An NRIs Guide to Deal with Tax and Repatriation Issues on Sale of Inherited Property

An NRIs Guide to Deal with Tax and Repatriation Issues on Sale of Inherited Property

If you sell an inherited property after 3 years of purchase it’ll bring capital gains to you at a tax rate of 20%.The holding of the inherited property will be computed from the purchase date of the original owner. But while computing the gains, the cost of the immediate previous owner would be considered as cost of purchase.

Vaibhav Sankla, Director, H&R Block India said that the courts are of the view that the indexation benefits (i.e. benefit provided by income tax) can start from the year in which the previous owner acquired the property.

Index values came into being in 1981-82, therefore, any property purchased before that had to get itself fairly valued as per April 1, 1982.This could be done at the local municipal authority. In case of original price records missing, the property would be valued by the municipal authority of the jurisdiction where the property is situated. An NRI is subject to a TDS of 20% on the long term capital gains. If the property is sold within 3 years of purchase, the owner is liable to short term capital gain tax according to his/her respective tax slab. The difference between the sale value and the cost of purchase equals to the short term capital gain and it will be entitled to a TDS of 30% irrespective of the tax slab.
But the NRI’s can take a breather from paying tax in India and TDS, if they decide to re-invest the capital gains of the property in another property or in tax exempt bonds. In such a case, proofs of reinvestment of capital gains, allotment letter or paying receipts (in case of buying another house), affidavit stating investment of capital gain amount into bonds (in case of buying bonds under section 54EC) have to be shown.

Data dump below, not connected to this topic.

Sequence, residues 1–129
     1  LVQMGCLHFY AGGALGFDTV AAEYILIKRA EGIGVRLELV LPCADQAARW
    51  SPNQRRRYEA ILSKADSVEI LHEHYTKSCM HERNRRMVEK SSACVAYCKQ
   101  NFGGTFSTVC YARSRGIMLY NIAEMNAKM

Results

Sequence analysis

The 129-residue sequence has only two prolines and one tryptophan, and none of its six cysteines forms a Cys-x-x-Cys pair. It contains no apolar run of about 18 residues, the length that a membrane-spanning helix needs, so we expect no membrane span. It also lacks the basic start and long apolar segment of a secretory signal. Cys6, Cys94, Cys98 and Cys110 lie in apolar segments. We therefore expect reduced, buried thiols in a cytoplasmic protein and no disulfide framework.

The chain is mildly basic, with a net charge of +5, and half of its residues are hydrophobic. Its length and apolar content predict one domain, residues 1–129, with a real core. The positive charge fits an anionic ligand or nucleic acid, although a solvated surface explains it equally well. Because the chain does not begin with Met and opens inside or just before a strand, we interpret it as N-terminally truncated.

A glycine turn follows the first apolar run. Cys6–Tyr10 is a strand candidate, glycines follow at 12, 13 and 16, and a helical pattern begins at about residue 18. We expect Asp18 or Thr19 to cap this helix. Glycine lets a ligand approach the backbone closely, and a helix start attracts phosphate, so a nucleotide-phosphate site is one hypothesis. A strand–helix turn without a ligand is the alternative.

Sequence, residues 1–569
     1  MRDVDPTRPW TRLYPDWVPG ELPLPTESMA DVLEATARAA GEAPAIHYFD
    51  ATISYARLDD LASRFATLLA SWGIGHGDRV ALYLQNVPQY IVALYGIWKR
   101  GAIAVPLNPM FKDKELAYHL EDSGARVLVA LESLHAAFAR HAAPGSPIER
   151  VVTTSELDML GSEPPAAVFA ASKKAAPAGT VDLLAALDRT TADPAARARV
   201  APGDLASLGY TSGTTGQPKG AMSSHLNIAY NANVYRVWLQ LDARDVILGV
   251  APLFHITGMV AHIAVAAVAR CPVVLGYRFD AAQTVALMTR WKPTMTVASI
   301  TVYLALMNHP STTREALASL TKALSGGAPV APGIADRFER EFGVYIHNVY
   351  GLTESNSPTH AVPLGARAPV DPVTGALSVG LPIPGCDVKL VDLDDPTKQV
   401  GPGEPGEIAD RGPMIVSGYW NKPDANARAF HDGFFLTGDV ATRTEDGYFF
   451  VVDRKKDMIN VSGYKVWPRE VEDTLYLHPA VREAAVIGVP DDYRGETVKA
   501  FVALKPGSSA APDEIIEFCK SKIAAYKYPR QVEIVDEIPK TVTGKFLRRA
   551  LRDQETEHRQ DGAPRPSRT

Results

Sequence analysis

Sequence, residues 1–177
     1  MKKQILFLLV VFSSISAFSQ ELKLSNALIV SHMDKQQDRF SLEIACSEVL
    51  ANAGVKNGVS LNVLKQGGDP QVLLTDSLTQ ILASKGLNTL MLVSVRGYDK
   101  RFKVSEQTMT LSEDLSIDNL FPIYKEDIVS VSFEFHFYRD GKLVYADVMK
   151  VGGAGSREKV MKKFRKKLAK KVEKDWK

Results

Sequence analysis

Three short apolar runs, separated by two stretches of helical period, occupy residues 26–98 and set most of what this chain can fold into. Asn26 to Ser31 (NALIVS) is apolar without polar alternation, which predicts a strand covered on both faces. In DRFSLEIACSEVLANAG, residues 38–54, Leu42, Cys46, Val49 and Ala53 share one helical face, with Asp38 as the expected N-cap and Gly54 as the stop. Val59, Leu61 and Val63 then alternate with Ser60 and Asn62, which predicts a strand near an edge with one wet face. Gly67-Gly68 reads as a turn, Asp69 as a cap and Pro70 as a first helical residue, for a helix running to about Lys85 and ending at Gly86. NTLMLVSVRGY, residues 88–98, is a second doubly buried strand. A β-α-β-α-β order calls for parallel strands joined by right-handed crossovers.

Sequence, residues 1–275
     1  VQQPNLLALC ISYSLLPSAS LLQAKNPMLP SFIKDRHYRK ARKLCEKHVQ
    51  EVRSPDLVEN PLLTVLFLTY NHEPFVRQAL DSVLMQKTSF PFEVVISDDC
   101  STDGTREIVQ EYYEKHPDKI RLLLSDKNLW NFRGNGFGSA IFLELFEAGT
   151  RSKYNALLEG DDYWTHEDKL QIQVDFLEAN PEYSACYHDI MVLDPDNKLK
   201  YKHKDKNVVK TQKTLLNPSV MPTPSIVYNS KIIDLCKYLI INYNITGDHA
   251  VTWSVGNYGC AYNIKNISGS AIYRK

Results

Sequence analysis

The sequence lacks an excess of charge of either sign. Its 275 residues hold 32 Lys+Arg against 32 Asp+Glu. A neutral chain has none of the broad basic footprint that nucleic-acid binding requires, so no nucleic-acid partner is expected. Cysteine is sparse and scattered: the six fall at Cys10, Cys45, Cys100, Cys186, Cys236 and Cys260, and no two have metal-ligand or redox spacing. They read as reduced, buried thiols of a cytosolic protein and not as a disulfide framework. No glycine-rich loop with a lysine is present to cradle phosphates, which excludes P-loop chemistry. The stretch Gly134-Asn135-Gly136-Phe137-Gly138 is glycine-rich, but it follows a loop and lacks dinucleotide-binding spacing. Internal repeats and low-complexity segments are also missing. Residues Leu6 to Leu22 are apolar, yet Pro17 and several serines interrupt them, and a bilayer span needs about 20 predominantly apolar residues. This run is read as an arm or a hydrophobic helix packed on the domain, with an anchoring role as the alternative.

In such a situation the seller must file an application to the income tax department for tax exemption certificate keeping in mind that the application should be made to the same jurisdiction to which his PAN belongs to. The buyer usually keeps the last instalment pending till the time the exemption certificate is allotted to him. In case of bonds, the certificate usually mentions that the buyer can make the complete payment once the money is invested in bonds and receipt of investment is received. There exists a particular time period within which the seller of the property has to reinvest his money. In case of reinvesting in another property the time span is 2 years whereas in case of bonds it is 6 months. But in case of NRI’s they need to complete either of these as soon as possible so as to quicken their transaction procedure.

The buyer is responsible for deducting tax at source and paying it to the government. He must also get a Tax Deduction Account number and issue a TDS certificate in NRI’s name. If the buyer fails to deduct TDS due to any reason or sheer negligence and the NRI too fails to declare the income and pay the tax, then the buyer is responsible to the income tax authorities for the same amount.

Section 54 of the Income Tax Act states that if a residential property is sold after 3 years of purchase and in turn another residential property is bought within 2 years of sale or a residential house is constructed within 3 years from date of sale, the gains of the seller is exempted to the extent of the cost of new property. For example if 30 lakhs is the capital gain and 20 lakhs is the price of the new property then 10 lakhs becomes the long term capital gain. The new property could either be occupied by the buyer or given on rent but it has to be retained for at least 3 years.


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